Season in Review: Houston Astros

A continuation of the series of retrospectives looking back at the regular season and how teams fared. They will be presented, from first to last, in order of their run differential as given by the BaseRuns formula and adjusted for strength of schedule, which I feel is the best measurement of a team’s actual talent level.

Number Twenty two: Houston Astros

Ignore that 86-75 record. The Astros were nowhere near that good of a team this year. Their pythagorean record was just 77-84 and BaseRuns agrees with the long dead Greek philosopher, crediting the Astros with 699 runs scored (23rd in the league) and 754 runs allowed (20th in the league). That’s good for a 75-86 mark, inverse of their actual record.

The 2008 Astros remade 3/5ths of their infield replacing Craig Biggio, Morgan Ensberg and Adam Everett with Kazuo Matsui, Ty Wiggington and Miguel Tejada. Those were three pretty good candidates for replacement as they all had bad years at the plate last season. The new trio were better, but collectively only a few runs above average thanks to Miguel Tejada’s post-April collapse.

Lance Berkman certainly exploded in 2008, but Hunter Pence regressed and Luke Scott was dealt away in the Tejada deal and overall the Astros offense remained pretty static compared to last year. That wasn’t a level they should be proud to stay at either.

The bullpen certainly could have used the revitalized Brad Lidge this year, but actually did quite fine on their own thanks to Chris Sampson, Jose Valverde and the newly re-signed LaTroy Hawkins. In the rotation, Randy Wolf was a decent enough idea, but really it was more important to do whatever it took to get Brandon Backe out of there. Oswalt clearly had a down season, but Wandy Rodriguez added another data point to the trend that he’s capable of being an above average starter in the NL.

Besides needing to make decisions on the rotation for 2009, the Astros should also really look into trying to upgrade their defense up the middle which spent another year being a liability and with Tejada at shortstop needs all the help it can get from other positions. Though if that means more playing time for Michael Bourn maybe it’s best they just forget it.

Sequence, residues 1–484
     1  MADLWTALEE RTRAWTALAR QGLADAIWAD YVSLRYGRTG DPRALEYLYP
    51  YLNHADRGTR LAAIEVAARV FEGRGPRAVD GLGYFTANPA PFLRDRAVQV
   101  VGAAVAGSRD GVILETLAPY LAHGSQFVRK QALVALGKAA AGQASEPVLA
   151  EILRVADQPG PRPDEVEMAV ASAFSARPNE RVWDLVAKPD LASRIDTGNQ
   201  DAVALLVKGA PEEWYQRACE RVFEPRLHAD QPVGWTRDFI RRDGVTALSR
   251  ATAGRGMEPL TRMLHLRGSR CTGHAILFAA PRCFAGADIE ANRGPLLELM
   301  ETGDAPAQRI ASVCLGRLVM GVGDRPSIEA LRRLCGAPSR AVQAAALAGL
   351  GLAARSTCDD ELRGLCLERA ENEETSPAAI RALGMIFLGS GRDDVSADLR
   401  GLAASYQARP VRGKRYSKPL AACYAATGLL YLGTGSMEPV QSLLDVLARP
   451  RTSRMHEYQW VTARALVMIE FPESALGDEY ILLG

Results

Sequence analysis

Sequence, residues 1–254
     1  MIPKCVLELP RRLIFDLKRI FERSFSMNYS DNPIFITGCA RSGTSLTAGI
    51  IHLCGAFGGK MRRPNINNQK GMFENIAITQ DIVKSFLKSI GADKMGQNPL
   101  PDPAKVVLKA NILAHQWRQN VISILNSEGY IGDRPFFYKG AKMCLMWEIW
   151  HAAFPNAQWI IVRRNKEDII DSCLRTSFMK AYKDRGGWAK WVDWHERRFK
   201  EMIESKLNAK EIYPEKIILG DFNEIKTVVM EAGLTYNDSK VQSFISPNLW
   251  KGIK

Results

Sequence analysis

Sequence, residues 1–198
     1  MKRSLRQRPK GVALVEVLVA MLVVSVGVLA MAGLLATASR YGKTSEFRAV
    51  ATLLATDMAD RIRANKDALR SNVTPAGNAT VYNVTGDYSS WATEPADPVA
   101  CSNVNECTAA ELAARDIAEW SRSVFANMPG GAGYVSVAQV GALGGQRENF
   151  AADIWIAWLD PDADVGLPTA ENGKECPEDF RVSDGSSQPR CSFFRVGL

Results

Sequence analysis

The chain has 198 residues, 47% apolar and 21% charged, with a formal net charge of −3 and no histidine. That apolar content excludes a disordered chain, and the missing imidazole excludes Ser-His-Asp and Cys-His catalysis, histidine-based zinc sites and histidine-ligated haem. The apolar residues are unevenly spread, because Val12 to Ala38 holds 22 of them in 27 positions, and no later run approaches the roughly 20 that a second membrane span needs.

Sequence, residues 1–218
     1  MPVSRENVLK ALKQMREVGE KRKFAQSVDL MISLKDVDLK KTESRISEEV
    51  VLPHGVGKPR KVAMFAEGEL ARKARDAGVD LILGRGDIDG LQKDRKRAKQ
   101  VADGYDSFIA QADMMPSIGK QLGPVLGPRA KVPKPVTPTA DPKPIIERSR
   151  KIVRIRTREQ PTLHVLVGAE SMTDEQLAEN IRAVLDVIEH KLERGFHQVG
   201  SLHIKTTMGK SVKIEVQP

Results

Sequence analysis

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Matthew Carruth is a software engineer who has been fascinated with baseball statistics since age five. When not dissecting baseball, he is watching hockey or playing soccer.

5 Responses to “Season in Review: Houston Astros”

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  1. Joel says:

    Where are you getting your info?

    Whose Craig Biggle?

    Defensively they were very good. Offensively and Pitching wise they did suck.

    Berkman exploded in 2008? Not really he was the same as every other year he has played. Wasn’t even his best year.

    Tejadas defense was acceptable.

    They need to upgrade the rotation and obp.

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  2. That’s an obvious typo.

    The defensive comment was referring to their middle infield, which was poor.

    Berkman exploded from his 2007 line.

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  3. C Johnson says:

    By most defensive metrics (whether PMR, RZR, Fielding Bible), Tejada was good defensively last year, ranging from slightly above average to well above average. Matsui was below average according to RZR and Fielding Bible, but above average, according to PMR. Having watched most of his games last year, Matsui clearly has good range but seems to come back rusty in the field after each trip to the DL. I don’t think the middle infield is the defensive area which the Astros need to upgrade. Carlos Lee in LF is the defensive weakiness; however, he isn’t likely to be replaced. Wigginton was decent defensively at 3d base last year, but he is still a potential defensive liability.

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  4. Max says:

    Berkman exploded in the first half of the season but then he imploded during the second half.

    A big reason for the the discrepancy between the Pythagorean and the actual record was the inconsistancy of the starting pitchers. It seemed like there were way too many games where the Astros’ starter gave up 10 runs on 2 innings. Backe actually only missed one start this season. Wolf filled the spot in the lineup created by Chacon’s ‘explosion’.

    I guess Tejada just has a bad reputation for his defense, but his performance this year was not enough to convince people otherwise.

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  5. Ryan says:

    I can’t help but notice that a huge reason the Astros overachieved their Pythag Record this year is because they committed BY FAR the least amount of errors this year (67). The next closest teams were the Yankees and Mets with 83, and the worst team in the league were the Rangers at nearly double the errors the ‘Stros committed. By position, Astros 3B and SS were among the best fielded in MLB.

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